Controversial wind farm given green light in Polegate

Wind farm. Not actual turbines.
Wind farm. Not actual turbines.

Plans for a three turbine wind farm in Polegate have been given approval.

The proposal for three wind turbines on land in Polegate, known as the Shepham Wind Farm, was rejected by Wealden District Council in May 2013.

But developer Regeneco, the specialist renewable energy arm of Galliford Try Group, submitted an appeal against the decision in January last year.

Following an inquiry, which opened in July last year, an independent planning inspector issued a notice of approval with a number of conditions on January 7.

The planning inspector said the ‘substantial public benefits’ from the proposed development outweighs the adverse impacts on the Pevensey Levels, residential properties, and listed buildings.

Andrew Durling, from the Yes to Polegate Wind Farm group, welcomed the news.

He said: “We welcome this green light for the Shepham Wind Farm.

“It is great news that Sussex will be hosting much more production of energy from a renewable source.

“We have consistently supported the wind farm, because we need to play our part in the clean energy revolution that will help to keep the lights on. The inspector’s decision to grant approval shows that our arguments in favour of the project were valid.”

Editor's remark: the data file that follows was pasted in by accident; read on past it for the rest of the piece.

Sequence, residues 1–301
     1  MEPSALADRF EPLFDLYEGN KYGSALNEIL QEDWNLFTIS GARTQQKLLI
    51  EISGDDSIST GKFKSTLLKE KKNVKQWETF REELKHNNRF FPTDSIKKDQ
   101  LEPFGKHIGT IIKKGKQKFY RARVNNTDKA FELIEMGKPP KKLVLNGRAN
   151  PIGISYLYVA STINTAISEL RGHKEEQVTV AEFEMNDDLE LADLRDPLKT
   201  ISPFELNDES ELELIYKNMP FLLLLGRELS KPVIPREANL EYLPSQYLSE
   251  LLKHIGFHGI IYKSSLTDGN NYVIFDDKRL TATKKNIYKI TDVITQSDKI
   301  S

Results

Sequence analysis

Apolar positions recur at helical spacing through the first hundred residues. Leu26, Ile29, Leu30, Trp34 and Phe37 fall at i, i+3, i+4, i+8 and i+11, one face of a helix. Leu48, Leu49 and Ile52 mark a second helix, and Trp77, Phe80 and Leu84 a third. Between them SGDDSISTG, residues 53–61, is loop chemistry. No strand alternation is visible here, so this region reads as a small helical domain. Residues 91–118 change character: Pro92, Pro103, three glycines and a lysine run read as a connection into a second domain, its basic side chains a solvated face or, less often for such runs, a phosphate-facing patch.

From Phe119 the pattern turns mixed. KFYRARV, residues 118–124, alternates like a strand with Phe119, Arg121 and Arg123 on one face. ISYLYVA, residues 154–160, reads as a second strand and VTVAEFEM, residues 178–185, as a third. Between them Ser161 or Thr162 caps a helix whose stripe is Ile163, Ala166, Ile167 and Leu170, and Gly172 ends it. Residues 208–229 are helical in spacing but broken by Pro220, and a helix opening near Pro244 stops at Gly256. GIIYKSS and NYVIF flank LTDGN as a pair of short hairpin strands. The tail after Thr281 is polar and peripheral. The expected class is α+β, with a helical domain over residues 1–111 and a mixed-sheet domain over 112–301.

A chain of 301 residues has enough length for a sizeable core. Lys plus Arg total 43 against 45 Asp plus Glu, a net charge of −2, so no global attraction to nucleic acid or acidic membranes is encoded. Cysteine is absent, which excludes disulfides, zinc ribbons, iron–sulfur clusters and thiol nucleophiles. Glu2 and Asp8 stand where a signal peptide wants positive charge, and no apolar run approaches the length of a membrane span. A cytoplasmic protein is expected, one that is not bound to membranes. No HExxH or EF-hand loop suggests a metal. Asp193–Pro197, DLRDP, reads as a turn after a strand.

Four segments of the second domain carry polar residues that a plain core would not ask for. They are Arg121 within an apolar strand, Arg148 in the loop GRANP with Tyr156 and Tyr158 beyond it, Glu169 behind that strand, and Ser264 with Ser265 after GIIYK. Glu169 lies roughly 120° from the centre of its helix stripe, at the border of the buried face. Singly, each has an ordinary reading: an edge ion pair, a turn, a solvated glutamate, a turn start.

Brenda Pollack, Friends of the Earth’s South East campaigner, said: “Evidence shows that wind energy is a vote winner and many local people see the need for a renewable future.

“There are limited opportunities for siting turbines in Sussex and this project will have benefits – especially in reducing up to 8,475 tonnes of carbon each year.”

Campaign group Stop Shepham Wind farm, which comprises residents living in Hankham, Polegate and Stone Cross, had opposed the plans, along with Polegate Town Council.

They believe the wind farm will destroy the beauty of the countryside.

The plans were due to be agreed by the district council planning committee in 2013 but were thrown out after hearing concerns from residents that it would have a detrimental impact on their lives.

Speaking last year, the campaign group expressed its dismay at the appeal being lodged.

It said: “It was quite clear that the local community overwhelmingly rejected the original and subsequent proposals and the democratic process endorsed this opposition.”